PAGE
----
I am a neurologist in the early years of practice. I suffered from a stroke, was given thtombolytic medication, had a minimal hemorrhagic transformation and underwent decompressive craniectomy and ventriculostomy for edema and hydrocephalus. I needed extra effort to fight that anxiety as I anticipated the worst things that could have happened. 

Day three after the stroke, aside from persistent and severe headache, my blood pressure was also rising. But I would still answer correctly and joke around, hence everyone thought I was doing fine. I could hardly endure the pain and its accompanying discomfort. I was just focusing on the hope that I'd get relief at some point. That must have been the reason why I was anticipating the decision to operate. I was participating in my own management, only to later realize that I couldn't recall many of these conversations. Together, with changes in my blood pressure and heart rate, the headache gave my care team the hint that something was getting worse. Close monitoring continued and attempts were made to decompress my swollen brain.

One thing I can't forget in those critical days was that my mind was empty, rested and devoid of worries. I had nothing to worry about except the endurance of pain and fear that I will no longer be able to see and talk to the people around me.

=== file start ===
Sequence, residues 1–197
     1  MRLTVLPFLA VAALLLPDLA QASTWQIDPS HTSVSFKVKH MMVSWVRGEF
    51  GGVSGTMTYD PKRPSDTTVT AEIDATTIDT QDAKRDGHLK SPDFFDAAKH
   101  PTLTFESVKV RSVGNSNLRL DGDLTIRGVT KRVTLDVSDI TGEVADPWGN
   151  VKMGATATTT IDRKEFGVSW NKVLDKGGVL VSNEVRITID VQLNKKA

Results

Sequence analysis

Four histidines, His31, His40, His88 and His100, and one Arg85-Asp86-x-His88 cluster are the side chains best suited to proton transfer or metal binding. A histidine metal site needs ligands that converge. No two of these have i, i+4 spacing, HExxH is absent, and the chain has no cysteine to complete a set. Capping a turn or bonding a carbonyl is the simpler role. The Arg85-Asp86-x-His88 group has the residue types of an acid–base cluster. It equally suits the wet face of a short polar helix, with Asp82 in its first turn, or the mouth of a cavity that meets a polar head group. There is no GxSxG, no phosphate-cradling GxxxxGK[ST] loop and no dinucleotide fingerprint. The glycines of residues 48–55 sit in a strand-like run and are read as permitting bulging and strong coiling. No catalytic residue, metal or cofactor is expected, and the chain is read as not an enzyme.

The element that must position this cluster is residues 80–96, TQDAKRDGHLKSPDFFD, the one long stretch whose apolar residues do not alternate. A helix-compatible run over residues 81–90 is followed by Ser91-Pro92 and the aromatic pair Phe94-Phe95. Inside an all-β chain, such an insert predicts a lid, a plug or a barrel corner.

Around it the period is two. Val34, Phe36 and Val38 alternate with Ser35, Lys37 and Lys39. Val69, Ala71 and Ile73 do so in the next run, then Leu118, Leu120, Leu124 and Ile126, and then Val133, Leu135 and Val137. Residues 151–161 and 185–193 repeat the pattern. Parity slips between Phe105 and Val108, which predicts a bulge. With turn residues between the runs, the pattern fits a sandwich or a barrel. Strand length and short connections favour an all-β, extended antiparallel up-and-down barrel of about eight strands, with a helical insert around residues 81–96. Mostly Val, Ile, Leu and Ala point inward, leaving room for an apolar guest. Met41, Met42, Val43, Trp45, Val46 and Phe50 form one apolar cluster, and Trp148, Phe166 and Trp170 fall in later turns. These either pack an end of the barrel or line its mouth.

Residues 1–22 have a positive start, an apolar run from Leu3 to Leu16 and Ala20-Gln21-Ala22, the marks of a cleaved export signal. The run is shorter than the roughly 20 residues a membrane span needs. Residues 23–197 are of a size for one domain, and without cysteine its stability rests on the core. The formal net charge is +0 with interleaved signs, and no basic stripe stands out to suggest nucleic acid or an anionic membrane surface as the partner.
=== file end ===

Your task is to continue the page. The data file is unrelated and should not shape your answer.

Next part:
I became fully awake and conscious three days after the craniectomy. Rehabilitation in the form of physical therapy was started at this point. I was discharged from the ICU eight days after the stroke or five days post-op and eventually discharged two weeks after stroke. I underwent physical therapy for five and a half months, after which I went back to work.

A year and a half after the stroke, I am now in another country (Singapore) undergoing fellowship training in stroke. I have always wanted to become a stroke specialist. What irony! My passion for stroke care was further galvanized by what happened to me. Now in the second month of a yearlong fellowship, I am building my confidence. I am living alone and trying to overcome fears of stroke recurrence. Yes, there is life after stroke and life must go on! #LeadingInsights #StoriesofHope #JoAnnSoliven

Michelle Schober, MD, MS Audrey Paulson, DNP, FNP-BC, CCRN, CNRN, SCRN Ethical principles common to the various health care professions include the concepts of justice, nonmaleficence, beneficence, and autonomy. The American Nurses Association (ANA) Code contains these concepts and cites three additional ...
New England Journal of Medicine (10/20/22) DOI: 10.1056/NEJMoa2208687 Kjaergaard, Jesper; Møller, Jacob E.; Schmidt, Henrik; et al. For patients who had been resuscitated from cardiac arrest, targeting a mean arterial blood pressure of 77 mm Hg ...
By Sarah Livesay, DNP, APRN Associate Dean, Rush University, President NCS Mary Kay Bader, RN, MSN, Neurocritical Care CNS, Mission Hospital Mission Viejo CA, Past President NCS Karen Hirsch MD, Associate Professor of Neurology, Division Chief Neurocriticial Care, Stanford University Romer Geocadin ...